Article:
The word “coronavirus” is on the tip of everyone’s tongue. I watch the news regularly because I need to know what’s going on. People have said, “don’t watch the news.” I understand why they say that; it is because we become fearful about what we hear or, they believe the news hypes everything up.
As a former journalist, yes, the media does a great job making the heartbeats of Americans soar. What is happening globally is a dream for the media – there is so much going around surrounding the virus. I am listening to the rhetoric of the reporters vs. the governors, the governors vs. the president, the president vs. the scientists/doctors. I am concerned that the “experts” (scientists and doctors) are not being heard. Specializing in illnesses, diseases, viruses, cures – the medical community is not heard. I am concerned that the president wants to predict a time for us to go to work – as if he has a timeline for the virus. I am worried that the president called reporters childish names because they ask questions that the public wants to know, and spouts tantrums about governors who are not appreciative.
In this time and space, the leadership in this country is less than stellar. I’m not impressed with the handling of the crisis. Many people will say, “but he’s giving us money.” Yes, that is very gracious – but money is not going to stop a virus. New York City is one of the largest cities in the United States, and they are having a hard time keeping the coronavirus at bay. They are scrambling for protection (masks, gowns, gloves), and to help their patients (ventilators). To create a makeshift morgue out of a refrigerated truck is sad – it breaks me.
To funnel it down, I’m here in Arizona. The latest updates are 17 deaths and 919 cases in the state. Phoenix is the state capital of Arizona, which lies in Maricopa County, and there are 545 cases reported; in Pima County, the next largest city of Tucson (my hometown) reports 153 confirmed cases. I wasn’t aware of the growth of cases until a friend wrote indicated it on a Facebook post.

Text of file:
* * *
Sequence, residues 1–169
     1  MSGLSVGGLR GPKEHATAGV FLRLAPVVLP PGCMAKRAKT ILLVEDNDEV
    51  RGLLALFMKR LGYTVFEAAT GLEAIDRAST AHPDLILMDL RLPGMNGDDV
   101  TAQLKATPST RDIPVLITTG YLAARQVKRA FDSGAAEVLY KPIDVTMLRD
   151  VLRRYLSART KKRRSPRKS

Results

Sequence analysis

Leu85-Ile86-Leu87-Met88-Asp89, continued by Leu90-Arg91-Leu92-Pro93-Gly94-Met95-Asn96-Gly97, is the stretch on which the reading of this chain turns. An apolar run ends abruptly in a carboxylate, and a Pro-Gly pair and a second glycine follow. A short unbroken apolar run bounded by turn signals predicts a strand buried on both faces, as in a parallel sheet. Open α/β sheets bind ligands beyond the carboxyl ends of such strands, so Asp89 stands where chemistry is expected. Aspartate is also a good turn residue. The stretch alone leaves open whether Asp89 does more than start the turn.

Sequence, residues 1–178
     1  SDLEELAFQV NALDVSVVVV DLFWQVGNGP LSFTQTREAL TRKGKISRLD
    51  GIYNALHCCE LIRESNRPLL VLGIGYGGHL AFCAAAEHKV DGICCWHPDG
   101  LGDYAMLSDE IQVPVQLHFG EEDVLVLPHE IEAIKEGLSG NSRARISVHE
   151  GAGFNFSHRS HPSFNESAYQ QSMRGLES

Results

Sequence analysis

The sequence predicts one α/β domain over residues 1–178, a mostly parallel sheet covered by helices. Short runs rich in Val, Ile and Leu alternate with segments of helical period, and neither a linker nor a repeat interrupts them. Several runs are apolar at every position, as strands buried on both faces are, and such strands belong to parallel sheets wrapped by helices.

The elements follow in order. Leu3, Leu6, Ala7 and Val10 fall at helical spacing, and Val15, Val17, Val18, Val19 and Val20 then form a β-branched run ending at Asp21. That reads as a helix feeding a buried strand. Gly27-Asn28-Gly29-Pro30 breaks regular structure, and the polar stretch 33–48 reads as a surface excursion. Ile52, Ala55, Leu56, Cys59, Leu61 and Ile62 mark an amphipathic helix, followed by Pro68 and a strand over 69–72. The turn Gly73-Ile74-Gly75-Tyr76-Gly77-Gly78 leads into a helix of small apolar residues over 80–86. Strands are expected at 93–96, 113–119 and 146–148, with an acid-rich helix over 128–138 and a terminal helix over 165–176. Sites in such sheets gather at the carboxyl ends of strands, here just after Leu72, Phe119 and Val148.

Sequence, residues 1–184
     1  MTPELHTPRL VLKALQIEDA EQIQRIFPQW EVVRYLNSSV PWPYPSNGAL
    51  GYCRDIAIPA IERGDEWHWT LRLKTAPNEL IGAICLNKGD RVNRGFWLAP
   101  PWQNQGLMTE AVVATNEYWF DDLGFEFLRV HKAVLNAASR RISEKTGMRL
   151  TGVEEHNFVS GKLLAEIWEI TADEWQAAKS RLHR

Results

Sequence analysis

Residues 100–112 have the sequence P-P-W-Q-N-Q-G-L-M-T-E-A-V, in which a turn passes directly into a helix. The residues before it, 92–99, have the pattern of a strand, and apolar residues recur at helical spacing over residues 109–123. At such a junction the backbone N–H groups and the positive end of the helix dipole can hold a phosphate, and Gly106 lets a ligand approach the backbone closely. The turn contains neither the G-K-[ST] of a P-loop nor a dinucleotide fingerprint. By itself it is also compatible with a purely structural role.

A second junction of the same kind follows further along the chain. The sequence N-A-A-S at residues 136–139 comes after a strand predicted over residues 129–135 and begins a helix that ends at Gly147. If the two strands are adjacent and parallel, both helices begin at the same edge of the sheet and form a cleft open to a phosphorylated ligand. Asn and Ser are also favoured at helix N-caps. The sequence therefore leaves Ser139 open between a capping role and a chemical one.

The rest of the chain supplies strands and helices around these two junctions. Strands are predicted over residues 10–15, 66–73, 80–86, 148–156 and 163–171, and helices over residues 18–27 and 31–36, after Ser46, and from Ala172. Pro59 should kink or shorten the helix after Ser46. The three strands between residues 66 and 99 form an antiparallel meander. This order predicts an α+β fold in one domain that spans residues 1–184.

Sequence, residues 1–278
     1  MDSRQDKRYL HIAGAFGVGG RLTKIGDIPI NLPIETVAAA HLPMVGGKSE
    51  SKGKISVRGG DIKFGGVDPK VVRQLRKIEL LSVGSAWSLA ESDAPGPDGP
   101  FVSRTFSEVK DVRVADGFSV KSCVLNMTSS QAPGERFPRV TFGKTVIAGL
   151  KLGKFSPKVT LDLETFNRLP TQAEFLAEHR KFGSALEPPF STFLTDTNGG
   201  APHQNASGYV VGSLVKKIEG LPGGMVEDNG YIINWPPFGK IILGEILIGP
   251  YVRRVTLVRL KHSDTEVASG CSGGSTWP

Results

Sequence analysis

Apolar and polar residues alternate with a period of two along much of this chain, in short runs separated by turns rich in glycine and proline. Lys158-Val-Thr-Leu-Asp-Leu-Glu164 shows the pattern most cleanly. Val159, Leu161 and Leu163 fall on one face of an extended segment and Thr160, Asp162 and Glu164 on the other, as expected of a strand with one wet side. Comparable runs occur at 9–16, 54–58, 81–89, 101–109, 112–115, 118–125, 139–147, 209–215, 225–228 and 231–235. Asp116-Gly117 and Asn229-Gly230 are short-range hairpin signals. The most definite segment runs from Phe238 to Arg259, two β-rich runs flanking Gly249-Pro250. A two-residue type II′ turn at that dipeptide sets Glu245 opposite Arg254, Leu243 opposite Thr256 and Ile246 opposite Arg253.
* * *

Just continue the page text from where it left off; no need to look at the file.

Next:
The shifts and changes, the ebb and flow of the virus are explosive. The consistency of the mantra: “Wash your hands; don’t touch your face; use sanitizer; stay out of crowds; stay home” is repeated daily on television, on the radio, and in conversations with friends and family. I’ve watched two documentaries recording the evolution of Ebola and the Bird Flu. What was said in 2005 and 20012 was a warning of what is happening today. The scientists and doctors who were interviewed in these documentaries said, the viruses will evolve into something that they haven’t seen before, and there will be a pandemic. It was a warning.
I don’t care who dropped the ball – the pandemic is here. The war is here. It is World War III sans guns, tanks, and bombs.
Just like everybody, I am in isolation. It is me and my dog, Chuy. I am a teacher, and the change to offer online courses to our students is difficult but worth the change. I am adjusting to new technology apps, attending virtual online meetings, and I am exhausted. Not only that, but I also am anxious because I am over 50, I have asthma, and I am a diabetic. The #alonetogether slogan provides a bit of assurance as it reminds us to check on each other during this isolation period.